When you wake up on an April morning and find three inches of snow outside your home, you can go back to sleep or go hiking. We chose to go hiking at Roosa Gap and bring our garbage bucket. Well, the bucket stayed empty since if there was any trash, it was buried under the snow. We will need to go back to this trail soon and see what we actually missed and what we find.
What you will see?
Roosa Gap has a 35′ watch tower which everyone loves to climb and take photos from. Because of the Covid-19 the fence has been removed and the tower is closed for now. We did not climb it this time but when we do, you see incredible 360 views. You can see:
- Different towns
- 209 Road
- Wurtsboro Airport
On the nature side, you will see birds, chipmunks, hawks, eagles, porcupines, and deer if you’re lucky enough to spot one. (Please note that the pictures added from the tower are from previous times that we went.) Most of the time, you’ll see a lot of scat left from various wildlife. This area is also popular for the dwarf pines (pitch pines, Pinus rigida). This is Sullivan County so you might see a black bear, coyote and bobcat too. We never have but we see black bears in our yard.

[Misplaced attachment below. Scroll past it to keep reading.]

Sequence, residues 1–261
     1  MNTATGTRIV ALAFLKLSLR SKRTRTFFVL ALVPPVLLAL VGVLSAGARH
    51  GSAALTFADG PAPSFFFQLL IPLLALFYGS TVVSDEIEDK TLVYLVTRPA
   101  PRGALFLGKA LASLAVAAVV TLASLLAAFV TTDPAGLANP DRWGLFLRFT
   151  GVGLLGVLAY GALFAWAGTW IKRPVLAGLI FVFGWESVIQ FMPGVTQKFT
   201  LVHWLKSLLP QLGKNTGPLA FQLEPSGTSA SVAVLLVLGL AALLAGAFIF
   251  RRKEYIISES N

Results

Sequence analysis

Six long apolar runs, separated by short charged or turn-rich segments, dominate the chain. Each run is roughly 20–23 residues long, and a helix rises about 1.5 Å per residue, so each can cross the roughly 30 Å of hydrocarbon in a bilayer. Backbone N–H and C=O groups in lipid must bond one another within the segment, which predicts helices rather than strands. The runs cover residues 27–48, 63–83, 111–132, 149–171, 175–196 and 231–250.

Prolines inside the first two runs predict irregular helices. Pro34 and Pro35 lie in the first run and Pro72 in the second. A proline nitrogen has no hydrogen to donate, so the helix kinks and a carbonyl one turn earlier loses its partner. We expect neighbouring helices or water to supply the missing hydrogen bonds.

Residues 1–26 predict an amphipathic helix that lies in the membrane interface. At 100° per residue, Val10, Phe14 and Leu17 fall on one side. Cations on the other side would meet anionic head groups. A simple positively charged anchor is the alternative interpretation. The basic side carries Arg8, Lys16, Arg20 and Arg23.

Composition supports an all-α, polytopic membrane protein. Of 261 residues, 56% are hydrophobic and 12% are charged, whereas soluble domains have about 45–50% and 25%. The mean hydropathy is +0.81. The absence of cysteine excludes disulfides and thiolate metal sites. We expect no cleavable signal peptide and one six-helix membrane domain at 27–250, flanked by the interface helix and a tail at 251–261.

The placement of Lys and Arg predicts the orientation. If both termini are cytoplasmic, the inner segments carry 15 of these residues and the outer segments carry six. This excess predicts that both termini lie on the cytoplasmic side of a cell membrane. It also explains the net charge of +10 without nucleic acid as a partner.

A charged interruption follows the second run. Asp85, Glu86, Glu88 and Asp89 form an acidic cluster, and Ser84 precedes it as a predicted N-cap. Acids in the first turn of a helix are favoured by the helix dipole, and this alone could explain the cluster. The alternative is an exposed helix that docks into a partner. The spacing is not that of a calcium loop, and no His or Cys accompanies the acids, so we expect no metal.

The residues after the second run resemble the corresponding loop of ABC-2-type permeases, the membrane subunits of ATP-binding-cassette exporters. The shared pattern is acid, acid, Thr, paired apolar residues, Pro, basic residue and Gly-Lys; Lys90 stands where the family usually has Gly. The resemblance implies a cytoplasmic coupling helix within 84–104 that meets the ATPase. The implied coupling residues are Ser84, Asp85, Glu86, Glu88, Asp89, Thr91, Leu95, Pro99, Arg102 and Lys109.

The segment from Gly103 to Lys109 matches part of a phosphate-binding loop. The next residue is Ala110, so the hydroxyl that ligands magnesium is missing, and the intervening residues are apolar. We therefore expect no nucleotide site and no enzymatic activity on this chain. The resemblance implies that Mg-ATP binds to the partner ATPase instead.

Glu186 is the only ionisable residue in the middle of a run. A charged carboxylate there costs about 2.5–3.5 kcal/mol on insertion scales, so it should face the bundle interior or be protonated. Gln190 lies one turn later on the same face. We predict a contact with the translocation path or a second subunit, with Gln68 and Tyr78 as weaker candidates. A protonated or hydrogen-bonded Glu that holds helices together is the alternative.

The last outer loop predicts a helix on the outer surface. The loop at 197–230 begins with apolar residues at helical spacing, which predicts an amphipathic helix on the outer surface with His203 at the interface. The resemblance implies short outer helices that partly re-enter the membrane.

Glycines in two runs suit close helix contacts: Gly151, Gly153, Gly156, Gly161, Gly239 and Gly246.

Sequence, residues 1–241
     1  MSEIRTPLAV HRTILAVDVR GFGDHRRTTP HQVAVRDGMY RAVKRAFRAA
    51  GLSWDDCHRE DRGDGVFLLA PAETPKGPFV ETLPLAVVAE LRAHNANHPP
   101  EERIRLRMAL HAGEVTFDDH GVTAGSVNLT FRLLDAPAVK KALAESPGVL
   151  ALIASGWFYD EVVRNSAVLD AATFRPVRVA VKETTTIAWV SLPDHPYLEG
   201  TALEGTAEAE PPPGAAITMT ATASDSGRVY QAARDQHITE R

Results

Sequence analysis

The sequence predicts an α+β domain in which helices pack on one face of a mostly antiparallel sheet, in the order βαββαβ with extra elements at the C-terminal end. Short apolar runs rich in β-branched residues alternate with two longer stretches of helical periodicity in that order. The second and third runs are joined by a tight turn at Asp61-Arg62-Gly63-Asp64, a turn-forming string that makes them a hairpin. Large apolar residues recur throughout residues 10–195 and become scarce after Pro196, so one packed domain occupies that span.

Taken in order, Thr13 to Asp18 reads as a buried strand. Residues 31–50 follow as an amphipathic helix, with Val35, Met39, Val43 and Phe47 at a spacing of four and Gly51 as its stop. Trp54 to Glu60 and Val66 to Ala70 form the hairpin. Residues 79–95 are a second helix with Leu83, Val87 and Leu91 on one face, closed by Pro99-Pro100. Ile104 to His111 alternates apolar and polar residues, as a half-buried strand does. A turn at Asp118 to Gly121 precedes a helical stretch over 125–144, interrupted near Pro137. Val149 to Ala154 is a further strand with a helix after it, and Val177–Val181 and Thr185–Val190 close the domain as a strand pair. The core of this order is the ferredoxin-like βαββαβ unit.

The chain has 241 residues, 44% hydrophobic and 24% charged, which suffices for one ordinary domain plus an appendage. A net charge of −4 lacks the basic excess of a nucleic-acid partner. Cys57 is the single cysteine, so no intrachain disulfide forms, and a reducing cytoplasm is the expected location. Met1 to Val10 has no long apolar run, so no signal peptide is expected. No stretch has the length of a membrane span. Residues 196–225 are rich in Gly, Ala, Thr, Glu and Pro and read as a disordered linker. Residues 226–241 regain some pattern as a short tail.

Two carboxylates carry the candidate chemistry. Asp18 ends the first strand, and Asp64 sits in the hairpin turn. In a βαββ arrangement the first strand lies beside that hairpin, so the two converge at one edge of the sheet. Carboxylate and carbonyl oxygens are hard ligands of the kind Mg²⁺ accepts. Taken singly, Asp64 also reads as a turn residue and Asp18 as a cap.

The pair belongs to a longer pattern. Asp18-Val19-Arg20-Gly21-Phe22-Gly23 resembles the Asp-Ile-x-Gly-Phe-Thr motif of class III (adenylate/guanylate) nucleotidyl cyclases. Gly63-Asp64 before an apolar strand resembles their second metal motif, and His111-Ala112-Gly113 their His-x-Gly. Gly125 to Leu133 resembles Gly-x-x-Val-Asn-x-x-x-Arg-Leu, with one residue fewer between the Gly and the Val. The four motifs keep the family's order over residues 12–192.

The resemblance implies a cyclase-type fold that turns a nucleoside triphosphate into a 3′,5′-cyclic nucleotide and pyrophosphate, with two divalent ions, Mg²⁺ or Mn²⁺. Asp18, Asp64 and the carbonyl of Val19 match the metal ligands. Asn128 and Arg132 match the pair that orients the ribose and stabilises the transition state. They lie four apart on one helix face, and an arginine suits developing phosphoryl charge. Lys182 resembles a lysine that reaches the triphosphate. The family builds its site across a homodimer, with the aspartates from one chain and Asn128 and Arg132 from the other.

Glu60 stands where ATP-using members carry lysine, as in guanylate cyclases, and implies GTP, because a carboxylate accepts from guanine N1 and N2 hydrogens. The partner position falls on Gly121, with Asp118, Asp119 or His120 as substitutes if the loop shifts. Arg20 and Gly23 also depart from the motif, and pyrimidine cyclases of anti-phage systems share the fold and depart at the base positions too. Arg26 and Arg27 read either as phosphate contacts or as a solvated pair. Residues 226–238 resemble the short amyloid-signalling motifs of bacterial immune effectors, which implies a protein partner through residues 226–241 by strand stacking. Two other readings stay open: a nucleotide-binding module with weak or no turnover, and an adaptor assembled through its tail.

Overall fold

Hiking in the Snow
We are true amateur hikers. Hiking is something we love to do because we love and appreciate nature but as far as proper gear goes, we are horrible. When you’re hiking in the snow you need to have proper footwear or at least ice cleats. One thing I do recommend is good wool socks, which we have. (Thank you, mother-in-law!) You don’t need three different hoodies piled on but you should dress appropriately for the weather.
Anyway, we do love to hike in the snow but you won’t see much of a view. Since you’re so high up in the mountains, the snow and fog makes it impossible to see anything but your trail and a surrounding cloud or white. It’s still beautiful and peaceful but it can be dangerous if you’re not properly prepared. Don’t be us, be better. =D
Leave no Trace
Due to the snow, we were unable to see or pick up trash at Roosa Gap state forest. Our bucket stayed empty with the exception of melting snow. Please, if you see a bottle, can or any liter, try to take it and dispose of it properly. We want to protect our trails and wildlife from ignorant hikers who don’t respect and appreciate them.